MILWAUKEE — Chris Paul had a message for MVP voters Tuesday night: The Houston Rockets’ 108-94 loss to the Milwaukee Bucks shouldn’t matter when ballots are cast.
Paul admits that he’s biased in his belief that his Rockets co-star James Harden should repeat as MVP. But he was adamant that Harden’s relative off night in a showdown against Milwaukee’s Giannis Antetokounmpo, the other MVP frontrunner, shouldn’t sway any votes.
The Bucks held Harden to 23 points on 9-of-26 shooting, only the fourth time this season he finished with more field goal attempts than points. He also had 10 rebounds, seven assists and two blocks in the loss.
Antetokounmpo also had a mediocre game by his extremely high standards, recording 19 points, 14 rebounds and four assists.
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“James went on a historic run. Know what I mean?” Paul said, referring to Harden’s streak of 32 consecutive 30-point performances, carrying the Rockets from 14th place to third in the Western Conference standings during that stretch despite Paul and center Clint Capela missing extended time due to injuries. “Obviously I’m biased about the MVP and whoever or whatnot, but those of you that decide it on head-to-head games with a few games left in the season, good luck with that. Happened to me in ’08.”
Paul finished second in the MVP voting that season behind Kobe Bryant, who had 29 points, 10 rebounds and eight assists in the Los Angeles Lakers’ 107-104 win over Paul’s New Orleans Hornets in the final week of the regular season.
Paul said he meant no disrespect to Antetokounmpo, whose all-around excellence for the team with the NBA’s best record has made the MVP race competitive despite Harden being in the midst of one of the greatest offensive seasons in NBA history.
“I get to see James play a lot more,” Paul said. “You’ve got to understand that me saying that doesn’t mean that Giannis hasn’t had an amazing season and stuff like that. He’s been great for his team and all that, but I see what James does every night, too.”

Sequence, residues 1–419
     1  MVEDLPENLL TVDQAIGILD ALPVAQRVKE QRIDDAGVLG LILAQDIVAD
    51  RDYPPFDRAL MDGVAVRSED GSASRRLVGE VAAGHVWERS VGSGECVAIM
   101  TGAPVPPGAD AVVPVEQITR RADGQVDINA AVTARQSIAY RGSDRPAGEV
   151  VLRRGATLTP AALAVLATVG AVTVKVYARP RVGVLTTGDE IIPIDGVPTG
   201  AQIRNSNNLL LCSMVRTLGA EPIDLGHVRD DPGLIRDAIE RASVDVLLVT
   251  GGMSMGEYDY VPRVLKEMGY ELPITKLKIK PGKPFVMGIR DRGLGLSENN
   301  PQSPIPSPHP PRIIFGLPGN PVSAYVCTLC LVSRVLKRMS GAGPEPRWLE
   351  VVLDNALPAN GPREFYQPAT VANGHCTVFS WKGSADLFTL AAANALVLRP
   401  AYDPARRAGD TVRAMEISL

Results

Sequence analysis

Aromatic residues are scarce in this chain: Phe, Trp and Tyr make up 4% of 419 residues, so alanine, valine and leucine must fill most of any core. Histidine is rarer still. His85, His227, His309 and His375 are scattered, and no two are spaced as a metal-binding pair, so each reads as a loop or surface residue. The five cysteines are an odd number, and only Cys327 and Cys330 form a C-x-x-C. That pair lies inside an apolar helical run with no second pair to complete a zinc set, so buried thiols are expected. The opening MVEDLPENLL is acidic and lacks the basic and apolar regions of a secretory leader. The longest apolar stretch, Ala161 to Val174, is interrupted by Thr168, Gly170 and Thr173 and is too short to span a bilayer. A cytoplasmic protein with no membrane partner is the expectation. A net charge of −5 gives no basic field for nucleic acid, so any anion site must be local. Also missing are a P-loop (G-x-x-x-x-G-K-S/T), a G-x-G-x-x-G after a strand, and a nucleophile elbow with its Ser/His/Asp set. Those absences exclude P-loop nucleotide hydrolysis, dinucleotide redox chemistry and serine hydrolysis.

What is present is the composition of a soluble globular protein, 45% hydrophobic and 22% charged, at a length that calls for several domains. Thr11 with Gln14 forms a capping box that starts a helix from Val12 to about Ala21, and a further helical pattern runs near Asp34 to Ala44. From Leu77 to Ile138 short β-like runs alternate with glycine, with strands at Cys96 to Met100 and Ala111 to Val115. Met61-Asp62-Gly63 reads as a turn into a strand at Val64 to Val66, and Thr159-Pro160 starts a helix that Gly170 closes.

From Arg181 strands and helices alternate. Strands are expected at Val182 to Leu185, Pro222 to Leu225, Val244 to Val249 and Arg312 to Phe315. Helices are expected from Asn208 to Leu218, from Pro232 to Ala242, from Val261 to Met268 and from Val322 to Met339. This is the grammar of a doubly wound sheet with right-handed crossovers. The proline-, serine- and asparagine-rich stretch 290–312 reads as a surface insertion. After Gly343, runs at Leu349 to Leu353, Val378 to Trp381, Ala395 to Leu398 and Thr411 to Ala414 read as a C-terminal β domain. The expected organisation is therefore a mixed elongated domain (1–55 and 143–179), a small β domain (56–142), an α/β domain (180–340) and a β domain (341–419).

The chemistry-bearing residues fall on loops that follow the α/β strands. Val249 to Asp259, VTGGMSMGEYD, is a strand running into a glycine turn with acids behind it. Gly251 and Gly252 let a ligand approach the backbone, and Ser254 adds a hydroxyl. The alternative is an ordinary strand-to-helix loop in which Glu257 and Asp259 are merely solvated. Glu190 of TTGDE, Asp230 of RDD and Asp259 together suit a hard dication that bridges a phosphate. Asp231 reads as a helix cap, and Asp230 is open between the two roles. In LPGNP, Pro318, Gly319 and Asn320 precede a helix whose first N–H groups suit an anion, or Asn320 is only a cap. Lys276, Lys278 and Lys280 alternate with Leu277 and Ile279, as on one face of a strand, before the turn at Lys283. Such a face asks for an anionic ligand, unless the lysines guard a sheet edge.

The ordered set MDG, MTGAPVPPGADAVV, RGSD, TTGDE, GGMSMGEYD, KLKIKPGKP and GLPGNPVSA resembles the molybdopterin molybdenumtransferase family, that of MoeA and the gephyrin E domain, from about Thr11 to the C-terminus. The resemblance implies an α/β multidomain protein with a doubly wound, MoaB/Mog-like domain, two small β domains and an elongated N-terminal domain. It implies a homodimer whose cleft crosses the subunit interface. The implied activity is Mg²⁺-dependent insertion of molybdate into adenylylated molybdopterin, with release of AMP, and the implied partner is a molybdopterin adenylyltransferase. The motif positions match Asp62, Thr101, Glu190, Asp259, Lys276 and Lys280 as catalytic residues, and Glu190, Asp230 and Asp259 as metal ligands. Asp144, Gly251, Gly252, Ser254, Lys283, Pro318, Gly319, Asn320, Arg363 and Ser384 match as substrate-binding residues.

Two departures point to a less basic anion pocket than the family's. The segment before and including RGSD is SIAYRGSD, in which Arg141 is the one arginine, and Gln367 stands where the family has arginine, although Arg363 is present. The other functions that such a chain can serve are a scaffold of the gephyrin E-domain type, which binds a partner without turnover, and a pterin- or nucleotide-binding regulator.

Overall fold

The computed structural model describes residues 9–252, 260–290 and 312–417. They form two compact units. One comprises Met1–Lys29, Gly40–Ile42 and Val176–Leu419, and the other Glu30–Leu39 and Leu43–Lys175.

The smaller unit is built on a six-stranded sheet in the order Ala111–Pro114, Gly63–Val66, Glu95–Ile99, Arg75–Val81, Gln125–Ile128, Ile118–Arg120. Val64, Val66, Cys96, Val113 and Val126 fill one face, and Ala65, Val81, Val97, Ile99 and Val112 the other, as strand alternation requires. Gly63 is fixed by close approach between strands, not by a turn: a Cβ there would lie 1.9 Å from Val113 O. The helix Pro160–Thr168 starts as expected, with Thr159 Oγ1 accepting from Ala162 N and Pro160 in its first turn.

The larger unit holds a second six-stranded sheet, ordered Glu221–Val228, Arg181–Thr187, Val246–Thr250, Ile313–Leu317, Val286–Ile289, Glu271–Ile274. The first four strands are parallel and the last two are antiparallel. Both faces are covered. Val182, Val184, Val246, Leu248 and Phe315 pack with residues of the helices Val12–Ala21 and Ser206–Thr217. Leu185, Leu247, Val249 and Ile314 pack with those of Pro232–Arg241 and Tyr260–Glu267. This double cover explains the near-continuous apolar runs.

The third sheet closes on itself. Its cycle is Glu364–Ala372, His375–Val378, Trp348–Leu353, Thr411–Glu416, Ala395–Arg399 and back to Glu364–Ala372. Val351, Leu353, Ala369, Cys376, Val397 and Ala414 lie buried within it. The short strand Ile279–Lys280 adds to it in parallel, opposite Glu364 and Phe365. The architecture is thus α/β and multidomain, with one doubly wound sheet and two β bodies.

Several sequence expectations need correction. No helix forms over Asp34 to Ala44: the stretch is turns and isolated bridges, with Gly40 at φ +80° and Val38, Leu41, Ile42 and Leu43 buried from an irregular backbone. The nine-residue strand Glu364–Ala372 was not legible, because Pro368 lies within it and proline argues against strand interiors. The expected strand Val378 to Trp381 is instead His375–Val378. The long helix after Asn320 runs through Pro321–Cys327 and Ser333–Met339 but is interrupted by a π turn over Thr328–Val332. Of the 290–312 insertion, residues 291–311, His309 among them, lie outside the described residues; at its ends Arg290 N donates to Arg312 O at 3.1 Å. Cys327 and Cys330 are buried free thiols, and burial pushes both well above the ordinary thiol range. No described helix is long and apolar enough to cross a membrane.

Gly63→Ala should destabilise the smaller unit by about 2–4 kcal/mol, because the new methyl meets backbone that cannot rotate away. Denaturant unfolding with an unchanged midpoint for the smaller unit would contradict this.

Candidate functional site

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The Bucks had success defending Harden by aggressively forcing him to drive right and try to finish in traffic, playing the same scheme they did in a Jan. 9 win in Houston, when he had 42 points and six assists but was only 13-of-30 from the floor and committed nine turnovers.
Milwaukee guards Eric Bledsoe and George Hill, the primary defenders on the NBA’s leading scorer, consistently positioned themselves close to Harden’s left hip even when he didn’t have the ball in his hands. They essentially invited him to drive to his right, funneling him into the paint where the presence of center Brook Lopez and Antetokounmpo forced Harden to frequently settle for floaters.
Harden was 1-of-9 from 3-point range and 4-of-5 from the free throw line — getting significantly fewer attempts than his averages of 13.3 and 11.0, respectively — but dismissed the impact of the Bucks’ defensive scheme.
“None,” Harden said. “I still got my shots up. I still was aggressive. I still did what I was supposed to do. Obviously, some shots didn’t go in like every other game, but as a team we had our shots that we got. Tonight, they didn’t go in. If they go in, it’s a different ballgame. Credit to them, they made shots.”
Harden often found open spot-up shooters as a result of the Bucks’ aggressive help on him, but the Rockets couldn’t make Milwaukee pay. Houston starters PJ Tucker and Eric Gordon combined to miss 12 of their 13 3-point attempts.
“When you’re not making shots, they’re going to stay on him,” Rockets coach Mike D’Antoni said, referring to Harden. “He needed help from Eric or PJ to knock down shots. I’m not a big believer in them stopping James. It’s that we stop James, and that’s about it. They did what they’re supposed to do. I don’t want to take anything away from them.”